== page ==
The Jewish lawyers knew the law in Deuteronomy (chapter 13) required them to execute anyone who incited rebellion against their one true God. So here was this son of Joseph, a Galilean, who repeatedly challenged their orthodox system with his heresies. If however these men had believed Jesus and repented, God’s great plan of salvation would not have happened as it did.
The scene in verse 66 has the religious leaders asking Jesus point blank if he is the Messiah. Jesus answered by alluding to several Old Testament references, which were undoubtedly familiar to the interrogators. The first one was Jeremiah’s audience with King Zedekiah, when the prophet pointed out that no matter how he answered the king he knew he’d be killed. Second, Jesus refers to one of Daniel’s visions when he saw “one like a son of man”, and third, one of the Psalms portrays the Lord sitting at God’s right hand. Since Jesus had not given a yes or no answer He was asked again if He claimed to be the Son of God. Wisely, Jesus turned it back on them by saying, “You say that I am.”
Infuriated, the leaders decided there’s no way Jesus was a prophet like Jeremiah whom Jesus had referenced. Thus they determined that to honor God they had to dishonor and get rid of Jesus. But there was a caveat – these religious men had no authority to kill heretics while they were under Roman rule. How difficult would it be to convince the governor of Judea that Jesus’ capital offenses required the death penalty? Remember Pax Romana? Their chief trouble maker certainly wasn’t promoting peace or being supportive of the government. When Pilate refused to make charges against Jesus, Herod got a shot at trying the miracle worker in his Galilean court. Jesus didn’t say a word in His defense and fulfilled Isaiah 53. A little later Pilate has Jesus brought before him again. Again Pilate vindicated the accused. This process was taking toooooo long and the Jews got into an impatient frenzy and screamed that Jesus must be crucified and so the innocent One was condemned to death. It appeared to be a travesty of justice.
We can trust the almighty God to only do what is good even when, from our limited perspective, it looks all wrong. God was in control of the events in Luke 22 and 23 and His will was fulfilled so that we could receive the gift of eternal life.
Luke 22 presents one of Scripture’s greatest dramas: a play in five parts in three different locations.
Scene One: the upper room: Yesterday we saw Jesus hosting his twelve disciples at the Last Supper, which concluded with eleven following him to the Mount of Olives. Today, look as the next four scenes play out. Question: why only eleven? Would I have left the Supper?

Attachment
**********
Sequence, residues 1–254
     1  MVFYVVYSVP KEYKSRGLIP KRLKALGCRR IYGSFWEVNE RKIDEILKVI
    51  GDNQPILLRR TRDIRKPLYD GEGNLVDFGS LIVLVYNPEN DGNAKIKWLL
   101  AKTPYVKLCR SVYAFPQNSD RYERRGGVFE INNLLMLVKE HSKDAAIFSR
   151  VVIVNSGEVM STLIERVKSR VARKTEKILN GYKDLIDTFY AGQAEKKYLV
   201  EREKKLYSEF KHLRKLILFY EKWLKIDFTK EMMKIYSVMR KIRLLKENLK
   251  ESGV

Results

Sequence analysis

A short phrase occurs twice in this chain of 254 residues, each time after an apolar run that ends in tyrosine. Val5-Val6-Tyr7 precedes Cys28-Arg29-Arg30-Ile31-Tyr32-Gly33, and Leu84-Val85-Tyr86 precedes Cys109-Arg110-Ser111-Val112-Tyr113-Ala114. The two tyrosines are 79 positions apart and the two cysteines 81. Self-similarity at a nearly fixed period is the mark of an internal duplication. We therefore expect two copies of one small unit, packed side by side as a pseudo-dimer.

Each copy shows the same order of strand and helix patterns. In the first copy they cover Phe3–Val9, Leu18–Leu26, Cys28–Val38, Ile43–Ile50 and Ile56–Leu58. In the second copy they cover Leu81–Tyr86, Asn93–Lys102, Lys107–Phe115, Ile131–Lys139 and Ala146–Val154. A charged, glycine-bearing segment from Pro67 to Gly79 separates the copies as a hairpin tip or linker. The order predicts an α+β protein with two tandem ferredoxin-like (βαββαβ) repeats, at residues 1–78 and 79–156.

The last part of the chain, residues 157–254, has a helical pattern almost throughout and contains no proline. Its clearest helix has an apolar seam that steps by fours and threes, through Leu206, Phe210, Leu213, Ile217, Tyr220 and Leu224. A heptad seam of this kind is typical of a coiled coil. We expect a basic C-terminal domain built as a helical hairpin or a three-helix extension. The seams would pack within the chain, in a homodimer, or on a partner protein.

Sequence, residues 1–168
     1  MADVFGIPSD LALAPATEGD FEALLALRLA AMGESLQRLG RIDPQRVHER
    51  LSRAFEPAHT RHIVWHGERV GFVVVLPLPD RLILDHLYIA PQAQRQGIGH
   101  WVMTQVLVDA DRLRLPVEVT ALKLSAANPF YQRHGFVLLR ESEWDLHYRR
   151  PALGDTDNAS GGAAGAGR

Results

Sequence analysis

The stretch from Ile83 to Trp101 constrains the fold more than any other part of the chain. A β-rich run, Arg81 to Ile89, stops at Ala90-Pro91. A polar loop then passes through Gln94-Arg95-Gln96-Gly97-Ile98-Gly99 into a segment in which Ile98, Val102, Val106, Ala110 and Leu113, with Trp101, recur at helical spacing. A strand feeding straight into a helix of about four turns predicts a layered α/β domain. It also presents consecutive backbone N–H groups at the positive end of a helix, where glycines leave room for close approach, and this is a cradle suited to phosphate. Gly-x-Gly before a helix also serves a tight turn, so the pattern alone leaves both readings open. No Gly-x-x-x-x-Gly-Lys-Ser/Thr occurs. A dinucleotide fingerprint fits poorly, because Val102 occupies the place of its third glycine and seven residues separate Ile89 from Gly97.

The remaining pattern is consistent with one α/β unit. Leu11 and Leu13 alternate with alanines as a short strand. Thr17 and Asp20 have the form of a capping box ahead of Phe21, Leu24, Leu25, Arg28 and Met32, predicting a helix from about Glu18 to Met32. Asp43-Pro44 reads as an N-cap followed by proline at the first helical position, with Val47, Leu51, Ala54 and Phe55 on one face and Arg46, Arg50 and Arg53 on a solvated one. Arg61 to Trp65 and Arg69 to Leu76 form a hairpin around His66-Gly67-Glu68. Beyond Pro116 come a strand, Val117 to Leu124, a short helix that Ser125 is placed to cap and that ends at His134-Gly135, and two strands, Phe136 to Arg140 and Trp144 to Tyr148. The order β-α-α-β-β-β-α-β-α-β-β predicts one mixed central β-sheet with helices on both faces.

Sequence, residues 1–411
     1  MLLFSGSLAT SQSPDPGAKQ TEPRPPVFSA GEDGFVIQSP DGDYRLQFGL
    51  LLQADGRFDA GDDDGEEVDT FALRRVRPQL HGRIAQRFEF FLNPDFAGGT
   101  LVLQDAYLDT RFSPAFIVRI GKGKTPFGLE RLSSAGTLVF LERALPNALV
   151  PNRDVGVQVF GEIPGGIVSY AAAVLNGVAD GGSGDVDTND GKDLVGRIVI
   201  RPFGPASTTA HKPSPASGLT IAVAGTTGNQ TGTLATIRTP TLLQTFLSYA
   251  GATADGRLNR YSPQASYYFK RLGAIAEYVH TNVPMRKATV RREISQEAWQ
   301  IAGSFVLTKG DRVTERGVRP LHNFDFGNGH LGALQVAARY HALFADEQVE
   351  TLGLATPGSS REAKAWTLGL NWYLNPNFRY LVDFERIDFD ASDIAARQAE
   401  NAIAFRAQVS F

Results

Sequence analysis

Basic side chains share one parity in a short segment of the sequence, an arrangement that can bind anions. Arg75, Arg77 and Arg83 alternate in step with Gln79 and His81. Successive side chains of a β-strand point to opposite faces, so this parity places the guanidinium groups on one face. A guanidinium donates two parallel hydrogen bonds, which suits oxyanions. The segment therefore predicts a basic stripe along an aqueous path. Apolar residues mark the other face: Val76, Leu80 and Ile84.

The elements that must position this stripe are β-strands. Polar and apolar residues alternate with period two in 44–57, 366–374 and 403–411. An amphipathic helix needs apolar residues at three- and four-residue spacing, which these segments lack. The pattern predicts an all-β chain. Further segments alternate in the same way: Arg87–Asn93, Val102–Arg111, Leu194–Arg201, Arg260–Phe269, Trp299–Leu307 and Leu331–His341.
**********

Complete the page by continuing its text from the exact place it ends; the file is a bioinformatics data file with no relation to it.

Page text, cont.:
Scene Two: The Mount of Olives. Having experienced the direct temptations of Satan before he began his public ministry, Jesus is now facing the most difficult testing of his life. He knew of the horror that separation from the Father would be, and he pleads to avoid it. “Yet not my will, but yours be done.” The stress of this fervent prayer was so great that he sweated profusely, and was strengthened by an angel (v. 43). Question: Have I ever prayed so hard that I suffered physically and needed strengthening from above?
When he went to his disciples, he found them sleeping. Lest we fault them too severely, we are told that they were “exhausted from sorrow.” Had they sensed something of the turmoil their Lord was undergoing and passed out, drained emotionally? Question: Would I have slept through Jesus’ worst night?
Scene Three: Betrayal and Confrontation. The drama intensifies. Jesus is betrayed by the disciple who had stolen away from the Last Supper, and he is confronted by a crowd including priests, temple guards, and elders. His disciples are ready to defend their Lord, and one of them even strikes the servant of the high priest, cutting off his right ear. Jesus healed the man and said, “No more of this.” Why did he say that? It wasn’t time for Jesus to establish his physical kingdom on earth. “If it were,” he said to Pilate in John 18:36, “my servants would fight to prevent my arrest …” Question: Would I fight to save Jesus’ life?
Throughout the Gospels we were told that Jesus’ hour had not come, but as he prepared to serve his disciples at the Last Supper, “Jesus [knew] that the time had come …” In the garden, he said to the arresting crowd “This is your hour—when darkness reigns” (v. 53). What follows is the darkest hour of human history, the hour of Satan’s dominance and mankind’s following the evil prince.